Jadhav was an Indian Navy officer, attached to RAW. His mission was to covertly carry out espionage and terrorism in Pakistan.
Yet another book (Terror in Islamabad) has been published by an officer Amar Bhushan who happened to have served as a diplomat at the Indian High Commission Islamabad. Before being posted to Islamabad, Bhushan had served an officer of India’s premier intelligence agency Research and Analysis Wing, Border Security Force Intelligence, and State Special Branch for quarter of a century. His book mentions another RAW officer, Amit Munshi (real name Veer Singh) posted as Cultural Attache.
Since times immemorial diplomats have enjoyed immunity in countries where they are posted. International conventions govern their conduct in host countries. If , a diplomat is caught red handed violating norms of diplomatic conduct, he is declared a persona non grata. Bhushan’s book reveals that Singh’s assignment was to “identify potential Pakistanis for subversion”. The familiar elements of intelligence craft are espionage, sabotage and subversion. India added one more element “insurgency” to the intelligence craft if we go through another RAW officer’s book The Kaoboys of R&AW: Down Memory Lane. B. Raman makes no bones about India’s involvement up to the level of prime minister in Bangladesh’s insurgency.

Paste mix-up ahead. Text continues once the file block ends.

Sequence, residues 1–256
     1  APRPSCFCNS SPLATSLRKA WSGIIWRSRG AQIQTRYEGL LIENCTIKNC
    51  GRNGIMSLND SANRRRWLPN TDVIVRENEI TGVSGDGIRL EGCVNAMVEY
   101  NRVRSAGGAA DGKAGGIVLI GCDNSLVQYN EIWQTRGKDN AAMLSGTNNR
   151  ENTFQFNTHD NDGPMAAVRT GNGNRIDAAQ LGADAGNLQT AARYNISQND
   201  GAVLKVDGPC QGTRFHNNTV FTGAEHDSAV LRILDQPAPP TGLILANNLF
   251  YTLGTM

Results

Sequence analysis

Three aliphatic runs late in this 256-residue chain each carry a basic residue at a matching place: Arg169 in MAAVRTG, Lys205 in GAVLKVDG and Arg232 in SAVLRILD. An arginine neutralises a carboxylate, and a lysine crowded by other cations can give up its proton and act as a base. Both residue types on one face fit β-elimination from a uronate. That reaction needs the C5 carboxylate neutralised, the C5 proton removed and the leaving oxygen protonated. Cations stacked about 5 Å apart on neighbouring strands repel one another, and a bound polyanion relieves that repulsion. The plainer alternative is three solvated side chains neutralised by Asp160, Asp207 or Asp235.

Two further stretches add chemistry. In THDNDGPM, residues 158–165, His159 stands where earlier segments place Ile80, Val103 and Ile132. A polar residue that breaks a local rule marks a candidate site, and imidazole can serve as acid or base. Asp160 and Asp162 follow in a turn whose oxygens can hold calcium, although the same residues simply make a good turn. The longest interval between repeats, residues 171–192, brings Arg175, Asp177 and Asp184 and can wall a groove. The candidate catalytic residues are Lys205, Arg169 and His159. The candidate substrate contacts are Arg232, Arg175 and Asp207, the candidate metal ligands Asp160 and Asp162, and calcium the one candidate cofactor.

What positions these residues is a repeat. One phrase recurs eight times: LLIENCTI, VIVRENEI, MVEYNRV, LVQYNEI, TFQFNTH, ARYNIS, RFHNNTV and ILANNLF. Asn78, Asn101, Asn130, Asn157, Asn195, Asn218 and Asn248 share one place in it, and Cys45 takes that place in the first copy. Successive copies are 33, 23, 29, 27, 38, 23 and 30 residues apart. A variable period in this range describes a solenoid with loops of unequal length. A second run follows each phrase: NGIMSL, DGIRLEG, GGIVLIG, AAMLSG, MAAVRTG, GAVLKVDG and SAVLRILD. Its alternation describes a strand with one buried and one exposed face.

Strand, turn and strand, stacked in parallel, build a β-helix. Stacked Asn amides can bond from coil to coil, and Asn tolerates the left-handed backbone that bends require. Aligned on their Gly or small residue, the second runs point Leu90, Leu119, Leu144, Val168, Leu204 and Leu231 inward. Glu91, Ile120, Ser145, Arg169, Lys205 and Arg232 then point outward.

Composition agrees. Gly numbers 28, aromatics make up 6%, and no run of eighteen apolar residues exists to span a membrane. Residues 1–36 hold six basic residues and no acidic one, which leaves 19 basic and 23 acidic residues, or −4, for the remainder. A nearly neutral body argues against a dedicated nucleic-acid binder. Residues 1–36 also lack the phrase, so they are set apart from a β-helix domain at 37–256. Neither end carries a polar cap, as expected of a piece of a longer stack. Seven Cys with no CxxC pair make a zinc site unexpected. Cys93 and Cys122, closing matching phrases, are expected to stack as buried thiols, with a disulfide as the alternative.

RAW officers Raman’s and RK Yadav’s disclosures
In a published letter, Yadav made startling revelation that India’s prime minister Indira Gandhi, parliament, RAW and armed forces acted in tandem to dismember Pakistan’s eastern wing. The confessions in his letter are corroborated by B. Raman’s book The Kaoboys of R&AW. He reminds `Indian parliament passed resolution on March 31, 1971 to support insurgency. Indira Gandhi had then confided with Kao that in case Mujib was prevented , from ruling Pakistan, she would liberate East Pakistan from the clutches of the military junta. Kao, through one RAW agent, got a Fokker Friendship, the Ganga, of Indian Airlines hijacked from Srinagar to Lahore. Indian army chief Manekshaw initially refused to carry out Indira Gandhi’s order because of the impending monsoon when rivers flooded in East Pakistan and troops’ movement became difficult. Not only intelligence officers but also officers of armed forces are employed to carry out subversion and sabotage inside Pakistan.
Kulbushan Jadhav unmasked